I remember coming into the Allendale house one day as a very little child. My mother was at work and one of the neighbors must have been watching my brother, Bobby, and me. I decided to run home and discovered that the back door that led into the kitchen, the door that we always used, was locked. No one answered my knocking although I knew that my father was home. I decided to try the front door and it was unlocked. When I entered the house, I smelled something really odd. The door to the kitchen was locked from the inside, and a towel was rolled up to block the opening at the bottom. I was worried, although I do not remember what I did. I believe that I ran next door to ask my neighbors for help. I later learned that my father had turned on the gas in the oven after blowing out the pilot light in an attempt to commit suicide.

 

 

Perhaps this was the event that forced Norma to leave. After Bobby’s first birthday, she packed up one day while Wes was at work and boarded a train headed for the southwest with her two little children. I can remember the long train ride. It was a new, exciting experience. It seemed that we traveled for days, sleeping in our seats. Our first stop was somewhere in Texas. We lived on the first floor of a converted two-story house. Norma worked and tried to find child care.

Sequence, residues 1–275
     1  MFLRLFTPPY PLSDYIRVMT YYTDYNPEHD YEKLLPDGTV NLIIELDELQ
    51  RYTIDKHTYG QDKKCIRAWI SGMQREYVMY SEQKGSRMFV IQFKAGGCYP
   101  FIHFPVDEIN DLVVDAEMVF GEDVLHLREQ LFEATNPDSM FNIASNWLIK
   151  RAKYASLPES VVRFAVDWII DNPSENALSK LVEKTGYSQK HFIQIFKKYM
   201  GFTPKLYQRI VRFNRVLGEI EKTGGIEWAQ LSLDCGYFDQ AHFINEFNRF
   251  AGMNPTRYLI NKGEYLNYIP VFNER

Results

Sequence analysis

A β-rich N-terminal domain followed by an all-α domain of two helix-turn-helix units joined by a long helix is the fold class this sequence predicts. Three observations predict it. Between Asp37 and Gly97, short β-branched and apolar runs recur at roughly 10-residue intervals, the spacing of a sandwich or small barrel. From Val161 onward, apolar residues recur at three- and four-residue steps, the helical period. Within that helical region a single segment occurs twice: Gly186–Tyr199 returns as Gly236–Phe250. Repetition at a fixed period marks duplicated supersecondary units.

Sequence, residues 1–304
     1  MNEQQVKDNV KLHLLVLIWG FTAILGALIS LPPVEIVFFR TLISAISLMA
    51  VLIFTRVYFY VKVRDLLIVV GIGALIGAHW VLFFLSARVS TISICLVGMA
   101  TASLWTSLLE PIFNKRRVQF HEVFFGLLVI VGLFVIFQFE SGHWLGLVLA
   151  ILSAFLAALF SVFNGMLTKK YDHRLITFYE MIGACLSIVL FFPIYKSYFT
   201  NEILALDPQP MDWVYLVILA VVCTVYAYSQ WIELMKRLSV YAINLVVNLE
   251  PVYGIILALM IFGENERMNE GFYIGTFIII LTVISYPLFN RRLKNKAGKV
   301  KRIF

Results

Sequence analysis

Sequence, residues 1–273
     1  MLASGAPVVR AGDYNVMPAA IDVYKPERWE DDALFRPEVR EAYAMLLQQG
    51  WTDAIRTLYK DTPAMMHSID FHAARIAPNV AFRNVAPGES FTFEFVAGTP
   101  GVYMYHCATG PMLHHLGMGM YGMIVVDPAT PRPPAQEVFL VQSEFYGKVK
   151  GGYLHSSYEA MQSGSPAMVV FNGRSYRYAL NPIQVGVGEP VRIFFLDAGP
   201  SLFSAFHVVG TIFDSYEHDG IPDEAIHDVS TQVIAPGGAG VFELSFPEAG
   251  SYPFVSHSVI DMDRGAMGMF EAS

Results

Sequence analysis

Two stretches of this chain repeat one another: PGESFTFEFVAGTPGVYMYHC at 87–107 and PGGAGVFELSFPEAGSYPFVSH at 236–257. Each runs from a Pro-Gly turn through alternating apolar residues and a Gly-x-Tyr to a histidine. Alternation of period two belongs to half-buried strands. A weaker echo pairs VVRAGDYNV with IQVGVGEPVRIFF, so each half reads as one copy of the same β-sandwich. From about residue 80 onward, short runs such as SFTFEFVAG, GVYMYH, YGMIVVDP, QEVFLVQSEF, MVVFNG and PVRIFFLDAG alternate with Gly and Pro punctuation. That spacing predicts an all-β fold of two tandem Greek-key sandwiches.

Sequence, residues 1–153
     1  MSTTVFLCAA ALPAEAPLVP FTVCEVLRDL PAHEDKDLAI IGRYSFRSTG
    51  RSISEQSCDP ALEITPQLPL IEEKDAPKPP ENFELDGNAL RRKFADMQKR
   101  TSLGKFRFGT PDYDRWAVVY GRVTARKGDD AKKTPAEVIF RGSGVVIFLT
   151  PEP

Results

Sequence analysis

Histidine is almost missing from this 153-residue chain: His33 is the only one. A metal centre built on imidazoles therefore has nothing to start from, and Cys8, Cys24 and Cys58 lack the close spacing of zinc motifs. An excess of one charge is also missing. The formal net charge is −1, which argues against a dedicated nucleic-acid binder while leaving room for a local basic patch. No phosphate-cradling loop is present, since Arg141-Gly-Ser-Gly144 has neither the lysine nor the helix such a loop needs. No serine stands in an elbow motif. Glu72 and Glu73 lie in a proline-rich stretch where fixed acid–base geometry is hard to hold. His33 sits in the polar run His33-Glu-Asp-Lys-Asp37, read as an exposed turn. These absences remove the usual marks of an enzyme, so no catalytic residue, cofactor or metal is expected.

Soon, we were traveling again. We lived in a trailer in a small town in New Mexico. Agnes came to help as a babysitter while Norma worked. I remember this as a very small town with a quiet, sand-covered road. The yard surrounding our trailer had a trellis with lovely morning glories. It was not long before we were on the move again, this time headed for Lac du Flambeau, Norma’s childhood home. As we traveled, I learned from my grandmother, Agnes, that Wes had tracked us down in Texas, and then in New Mexico. He tracked us down in Lac du Flambeau as well. By this time, at the age of 4 ½, I knew that my mother wanted to be free of fear and abuse. Wes threatened to take my brother and me if she did not return to New Jersey with him, and he promised to make sure that she never saw us again.